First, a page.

Ammunition has shown to be the most difficult to track, because much of it was found loose with no lot numbers that would allow investigators to trace it to an purchaser. CAR investigated 40,984 pieces of ammunition recovered from ISIS in Iraq and Syria that originated in 38 countries. Half of it was from China and Russia, with significant quantities coming from Romania, the U.S. and Bulgaria. Only about 2 percent of the ammunition was produced domestically in Iraq, and about 6 percent in Syria.

“In some cases we think there is a conscious choice to try to make it more difficult to trace it, and that includes trying to erase on all markings on certain rockets, like repaint them, for example. We think that somebody at some point in the supply chain knows that this is a diversion for a terrorist group and wants to erase markings so that we will not document the chain of custody and try to find out who actually diverted the weapons to ISIS,” Spleeters said.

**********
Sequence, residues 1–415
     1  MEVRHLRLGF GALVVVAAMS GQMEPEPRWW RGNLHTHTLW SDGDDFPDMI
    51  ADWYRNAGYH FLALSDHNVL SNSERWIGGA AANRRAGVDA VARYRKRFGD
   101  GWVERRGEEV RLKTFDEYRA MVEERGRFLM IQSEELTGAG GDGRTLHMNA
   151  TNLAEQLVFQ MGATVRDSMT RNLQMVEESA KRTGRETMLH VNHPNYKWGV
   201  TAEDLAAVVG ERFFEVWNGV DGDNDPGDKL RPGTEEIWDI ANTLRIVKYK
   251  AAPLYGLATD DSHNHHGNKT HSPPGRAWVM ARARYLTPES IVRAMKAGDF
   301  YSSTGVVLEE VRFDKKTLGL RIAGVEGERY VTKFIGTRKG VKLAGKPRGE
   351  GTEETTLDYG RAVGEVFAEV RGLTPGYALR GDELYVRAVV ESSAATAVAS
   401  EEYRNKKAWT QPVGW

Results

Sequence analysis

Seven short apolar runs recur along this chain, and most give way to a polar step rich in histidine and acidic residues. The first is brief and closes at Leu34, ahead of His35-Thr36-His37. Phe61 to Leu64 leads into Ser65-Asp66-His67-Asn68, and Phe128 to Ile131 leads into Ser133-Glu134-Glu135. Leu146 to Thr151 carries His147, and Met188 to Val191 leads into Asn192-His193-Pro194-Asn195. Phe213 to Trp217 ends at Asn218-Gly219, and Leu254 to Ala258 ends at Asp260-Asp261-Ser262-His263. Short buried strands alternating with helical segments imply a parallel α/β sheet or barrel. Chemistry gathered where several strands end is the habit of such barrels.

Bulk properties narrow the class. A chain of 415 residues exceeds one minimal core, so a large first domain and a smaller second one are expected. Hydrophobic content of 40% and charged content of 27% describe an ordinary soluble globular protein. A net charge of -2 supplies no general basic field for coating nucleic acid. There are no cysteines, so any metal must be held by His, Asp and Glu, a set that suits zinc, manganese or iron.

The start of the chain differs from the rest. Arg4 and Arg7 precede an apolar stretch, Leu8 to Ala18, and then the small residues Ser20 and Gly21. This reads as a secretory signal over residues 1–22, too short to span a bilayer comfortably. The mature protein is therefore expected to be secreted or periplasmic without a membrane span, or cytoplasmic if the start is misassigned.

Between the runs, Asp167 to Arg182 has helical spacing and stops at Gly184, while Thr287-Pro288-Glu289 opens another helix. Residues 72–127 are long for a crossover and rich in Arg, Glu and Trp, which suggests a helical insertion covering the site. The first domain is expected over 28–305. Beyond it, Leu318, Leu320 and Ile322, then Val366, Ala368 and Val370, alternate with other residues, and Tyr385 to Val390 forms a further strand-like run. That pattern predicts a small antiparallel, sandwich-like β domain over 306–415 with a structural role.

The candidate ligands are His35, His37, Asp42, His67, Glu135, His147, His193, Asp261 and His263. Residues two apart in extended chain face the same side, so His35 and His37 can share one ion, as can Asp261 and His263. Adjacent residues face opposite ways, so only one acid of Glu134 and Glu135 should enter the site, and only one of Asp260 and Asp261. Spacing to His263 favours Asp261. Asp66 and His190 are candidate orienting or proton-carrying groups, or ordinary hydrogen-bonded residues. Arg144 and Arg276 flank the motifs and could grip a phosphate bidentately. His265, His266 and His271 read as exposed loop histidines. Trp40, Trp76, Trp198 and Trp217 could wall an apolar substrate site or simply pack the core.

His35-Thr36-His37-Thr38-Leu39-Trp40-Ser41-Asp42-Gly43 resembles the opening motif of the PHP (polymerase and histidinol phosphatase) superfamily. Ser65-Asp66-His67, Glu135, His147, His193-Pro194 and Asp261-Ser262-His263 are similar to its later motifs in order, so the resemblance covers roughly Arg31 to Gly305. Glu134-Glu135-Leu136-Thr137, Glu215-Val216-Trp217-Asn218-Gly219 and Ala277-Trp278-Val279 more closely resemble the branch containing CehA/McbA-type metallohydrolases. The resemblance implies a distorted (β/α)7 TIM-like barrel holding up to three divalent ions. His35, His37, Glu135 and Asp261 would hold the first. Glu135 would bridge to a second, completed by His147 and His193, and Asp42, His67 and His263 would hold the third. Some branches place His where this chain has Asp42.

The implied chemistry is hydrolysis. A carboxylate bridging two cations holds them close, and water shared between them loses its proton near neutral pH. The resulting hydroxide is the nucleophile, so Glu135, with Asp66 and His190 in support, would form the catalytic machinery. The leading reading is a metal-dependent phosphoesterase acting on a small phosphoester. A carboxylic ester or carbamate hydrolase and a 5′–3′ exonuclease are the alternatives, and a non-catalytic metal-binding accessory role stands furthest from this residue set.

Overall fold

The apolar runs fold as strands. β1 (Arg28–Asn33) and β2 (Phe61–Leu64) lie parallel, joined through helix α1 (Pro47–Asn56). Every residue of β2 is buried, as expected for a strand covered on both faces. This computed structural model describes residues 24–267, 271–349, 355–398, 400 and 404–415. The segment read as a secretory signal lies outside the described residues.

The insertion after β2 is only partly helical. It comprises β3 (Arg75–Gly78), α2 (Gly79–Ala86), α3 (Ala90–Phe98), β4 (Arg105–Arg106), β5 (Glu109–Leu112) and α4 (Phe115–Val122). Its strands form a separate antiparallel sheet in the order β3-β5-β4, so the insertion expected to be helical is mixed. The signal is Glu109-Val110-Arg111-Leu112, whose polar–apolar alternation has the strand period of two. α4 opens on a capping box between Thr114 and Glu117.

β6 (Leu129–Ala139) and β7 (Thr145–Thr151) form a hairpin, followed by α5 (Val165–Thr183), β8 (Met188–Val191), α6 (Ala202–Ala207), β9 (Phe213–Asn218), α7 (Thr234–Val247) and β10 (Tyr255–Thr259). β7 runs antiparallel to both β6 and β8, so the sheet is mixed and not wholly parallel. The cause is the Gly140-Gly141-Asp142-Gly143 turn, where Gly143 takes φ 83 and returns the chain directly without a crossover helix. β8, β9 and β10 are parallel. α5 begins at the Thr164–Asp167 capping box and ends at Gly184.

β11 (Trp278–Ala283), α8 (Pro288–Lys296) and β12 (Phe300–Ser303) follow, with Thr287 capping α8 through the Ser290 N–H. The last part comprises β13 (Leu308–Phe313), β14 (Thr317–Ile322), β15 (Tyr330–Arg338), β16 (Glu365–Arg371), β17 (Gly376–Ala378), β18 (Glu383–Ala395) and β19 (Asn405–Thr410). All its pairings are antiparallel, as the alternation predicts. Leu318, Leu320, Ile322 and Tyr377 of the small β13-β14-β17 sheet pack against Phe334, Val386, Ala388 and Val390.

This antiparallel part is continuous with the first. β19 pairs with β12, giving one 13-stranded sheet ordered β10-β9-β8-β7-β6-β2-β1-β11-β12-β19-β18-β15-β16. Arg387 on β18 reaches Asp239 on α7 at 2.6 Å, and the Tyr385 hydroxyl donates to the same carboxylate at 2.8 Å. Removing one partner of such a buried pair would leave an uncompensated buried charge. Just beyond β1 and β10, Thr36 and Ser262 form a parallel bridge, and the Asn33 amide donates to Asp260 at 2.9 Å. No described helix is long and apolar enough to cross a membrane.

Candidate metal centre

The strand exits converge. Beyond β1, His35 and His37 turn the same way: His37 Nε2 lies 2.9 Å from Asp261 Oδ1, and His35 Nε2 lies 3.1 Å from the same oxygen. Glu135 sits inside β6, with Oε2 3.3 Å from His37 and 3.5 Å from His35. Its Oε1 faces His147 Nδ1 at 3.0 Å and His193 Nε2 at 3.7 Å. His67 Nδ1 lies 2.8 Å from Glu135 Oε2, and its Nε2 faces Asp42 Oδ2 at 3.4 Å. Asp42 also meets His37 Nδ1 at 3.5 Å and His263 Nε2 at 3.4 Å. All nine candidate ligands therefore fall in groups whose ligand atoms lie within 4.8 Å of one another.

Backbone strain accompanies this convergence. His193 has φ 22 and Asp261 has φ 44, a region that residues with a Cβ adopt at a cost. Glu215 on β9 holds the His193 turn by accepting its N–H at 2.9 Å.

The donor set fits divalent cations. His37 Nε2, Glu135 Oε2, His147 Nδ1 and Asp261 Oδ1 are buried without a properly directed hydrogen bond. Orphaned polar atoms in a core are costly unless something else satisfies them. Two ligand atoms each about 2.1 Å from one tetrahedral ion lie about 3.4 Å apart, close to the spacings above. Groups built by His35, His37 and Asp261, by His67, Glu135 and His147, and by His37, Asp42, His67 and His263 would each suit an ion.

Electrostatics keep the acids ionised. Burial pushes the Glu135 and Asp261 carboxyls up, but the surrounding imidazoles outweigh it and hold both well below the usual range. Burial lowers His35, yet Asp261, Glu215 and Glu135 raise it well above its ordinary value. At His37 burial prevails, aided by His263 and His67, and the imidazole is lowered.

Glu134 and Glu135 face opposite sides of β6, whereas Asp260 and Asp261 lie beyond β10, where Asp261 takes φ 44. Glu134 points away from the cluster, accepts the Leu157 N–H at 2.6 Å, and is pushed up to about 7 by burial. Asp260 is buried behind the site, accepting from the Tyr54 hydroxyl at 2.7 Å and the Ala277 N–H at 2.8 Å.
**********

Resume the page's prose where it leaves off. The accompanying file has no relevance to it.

Heras said ISIS would see no benefit to obfuscating the source of its ammunition.

“For ISIS’s propaganda purposes, the more it can connect its Syrian opponents like the New Syrian Army to a U.S./Western/Christian crusader conspiracy against it, the better,” he said. “ISIS is a very sophisticated organization: It knows the power now of the analysis of the crowd. It knows that if it releases these images with these serial numbers, researchers will try to figure out the entire chain of supply.”

Although the CAR researchers have not yet been able to trace the origin of much of the ammunition recovered from ISIS, they are working to reconstruct markings that were obliterated somewhere during the supply route.

“Sometimes you can still make it out. And in some parts of the rockets that they have forgotten about, so there are still some markings that we can document. So we are working with the exporting countries to try to know who was the end-user,” Spleeters said.


Editor’s Note: This article was updated on December 15, 2017 to fix a typo. An earlier version incorrectly stated that ammunition Serbia legally supplied ammunition to the multi-national force in Iraq in 2000.